During the first panel, the subcommittee heard from litigators of PFAS contamination cases. Witnesses Robert Bilott, Partner, Taft Stettinius & Hollister LLP, and Lori Swanson, Former Attorney General, State of Minnesota, provided the subcommittee insight into when certain manufacturers of PFAS, specifically 3M and DuPont, knew about the risks associated with the chemicals and the extent to which the companies took steps to conceal the risks. Representative Debbie Dingell (D-MI) asked Swanson how designating PFAS under CERCLA would help with the clean-up of PFAS. Swanson said it would be helpful because it would provide a guide for how to execute clean ups, especially at military bases. Dingell then asked Swanson if she thought her National Defense Authorization Act amendment that would designate PFAS as hazardous under Superfund law would help speed up the process of cleaning up contamination. Swanson said that such an amendment would accelerate the need to address PFAS contamination. Bilott highlighted the concern over how wastewater treatment facilities consolidate PFAS into biosolids as part of their treatment process, which are then provided to farmers for land application. As a result, Bilott cautioned that the biosolids could cause PFAS contamination into the land, animals, and crops. There was no follow up discussion about Bilott’s comment.
During the second panel, the subcommittee heard from witnesses representing 3M, DuPont de Nemours, Inc., and the Chemours Company. Daryl Roberts, Chief Operations & Engineering Officer, DuPont de Nemours, stated that it is the belief of his company that PFOA and PFOS should be designated hazardous under CERCLA due to their pervasiveness and persistence in the environment. Representative Dan Kildee (D-MI) noted frustration over how when it comes to addressing contamination and the costs associated with clean up, the responsibility is “offloaded” to other parties that are not originally liable for the contamination and do not have adequate resources to address the issue(s). Representative Katie Hill (D-CA) asked witnesses who is going to be responsible for paying for the clean-up of the contamination. When witnesses failed to provide Hill with a definitive answer, she noted that if it is not the companies, who are originally responsible for the contamination, the burden will fall to the taxpayers.
All three industry witnesses agreed to the importance of congressional action to address PFAS-contamination and testified to working with Congress to find solutions.
Testifying at the hearing were: Robert Bilott, Partner, Taft Stettinius & Hollister LLP, Lori Swanson, Former Attorney General, State of Minnesota, Matthew Hardin, Commonwealth Attorney, Greene County, VA, Denise Rutherford, Senior Vice President of Corporate Affairs, The 3M Company, Paul Kirsch, President of Fluoroproducts, The Chemours Company, and Daryl Roberts, Chief Operations & Engineering Officer, DuPont de Nemours, Inc.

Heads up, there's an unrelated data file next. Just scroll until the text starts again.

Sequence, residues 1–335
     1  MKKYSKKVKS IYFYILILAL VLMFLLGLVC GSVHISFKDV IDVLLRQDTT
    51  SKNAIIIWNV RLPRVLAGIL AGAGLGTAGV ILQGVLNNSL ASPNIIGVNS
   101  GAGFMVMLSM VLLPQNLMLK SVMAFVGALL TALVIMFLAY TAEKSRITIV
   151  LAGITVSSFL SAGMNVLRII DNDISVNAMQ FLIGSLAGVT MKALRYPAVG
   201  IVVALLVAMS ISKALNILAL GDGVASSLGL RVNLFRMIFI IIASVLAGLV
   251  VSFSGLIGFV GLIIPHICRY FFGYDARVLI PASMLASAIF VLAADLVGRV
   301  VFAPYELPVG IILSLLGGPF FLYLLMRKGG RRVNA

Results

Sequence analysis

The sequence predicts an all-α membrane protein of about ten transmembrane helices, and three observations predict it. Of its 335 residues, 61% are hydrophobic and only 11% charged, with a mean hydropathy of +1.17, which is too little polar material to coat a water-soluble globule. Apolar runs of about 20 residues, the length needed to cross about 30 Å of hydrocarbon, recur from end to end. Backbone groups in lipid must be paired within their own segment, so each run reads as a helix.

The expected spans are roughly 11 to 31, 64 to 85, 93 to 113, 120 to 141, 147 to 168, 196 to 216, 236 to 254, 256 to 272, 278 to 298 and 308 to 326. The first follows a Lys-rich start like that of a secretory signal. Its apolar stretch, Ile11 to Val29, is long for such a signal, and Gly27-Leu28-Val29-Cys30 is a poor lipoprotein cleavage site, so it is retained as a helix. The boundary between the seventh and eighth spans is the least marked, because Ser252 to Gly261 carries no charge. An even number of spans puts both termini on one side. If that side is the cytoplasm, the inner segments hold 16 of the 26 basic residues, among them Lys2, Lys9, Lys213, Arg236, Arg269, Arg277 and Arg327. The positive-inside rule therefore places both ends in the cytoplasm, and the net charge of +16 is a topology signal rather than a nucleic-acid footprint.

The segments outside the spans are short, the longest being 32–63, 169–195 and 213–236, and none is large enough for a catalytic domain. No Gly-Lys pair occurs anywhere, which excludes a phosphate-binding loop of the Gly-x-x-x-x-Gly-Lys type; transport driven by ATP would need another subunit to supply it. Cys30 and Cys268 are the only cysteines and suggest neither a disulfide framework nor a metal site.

Administration Acts to Repeal WOTUS
This week, the U.S. Environmental Protection Agency (USEPA) and U.S. Army Corps of Engineers (USACE) made its long-anticipated repeal of the 2015 Waters of the United States (WOTUS) rule. The announcement completes the first step of a two-step repeal and replace process. Step two will be revising the rule to the standards determined by USEPA and USACE under the Trump Administration. The proposed replacement of the rule is expected to be finalized by the end of this year. During the announcement, USEPA Administrator Andrew Wheeler stated, “We’re delivering on the president’s regulatory reform agenda.” The proposed rule would exclude groundwater; ditches, including roadside and farm ditches; stormwater control features and wastewater and waste treatment systems.
The repeal is expected to be quickly challenged in court by environmental organizations. In response to the federal announcement, California Attorney General Xavier Becerra stated, “California won’t stand for this latest environmental attack by the Trump Administration, which could threaten federal protections for the majority of our waters,” and said the state would be challenging the repeal.
Legislative Activity This Week
S. 1689, A bill to permit States to transfer for one-year clean water SRF assistance to a state’s drinking water SRF fund to remediate lead in drinking water. – Sen. Cory Booker (D-NJ). Passed the Senate by voice vote.
S. 2456, A bill to establish centers of excellence for innovative stormwater control infrastructure, and for other purposes. – Sen. Tom Udall (D-UT)
H.R. 4266, Clean Water Through Green Infrastructure Act – Rep. Denny Heck (D-WA)
S. 2466, A bill to provide supplemental appropriations for safe and secure water, and for other purposes. – Sen. Kamala Harris (D-CA)
Reports and Regulation
Report on PFAS presence in groundwater at military bases around the U.S. – Report from the Environmental Working Group listing an additional 90 Army and Army National Guard installations that are contaminated with PFAS.
Chip-And-Ship Forest Clearing May Help Prevent Wildfire Disasters (NPR) – Story on how biomass can be a source for renewable energy and aid in efforts to prevent wildfire.
Congress Next Week
September 19, 2019
House Committee on Science, Space, and Technology – Hearing on the Science and Technology at the Environmental Protection Agency
September 18, 2019
House Committee on Transportation and Infrastructure – Hearing on The Administration’s Priorities and Policy Initiatives Under the Clean Water Act
Senate Committee on Environment and Public Works – Hearing on Improving American Economic Competitiveness Through Water Infrastructure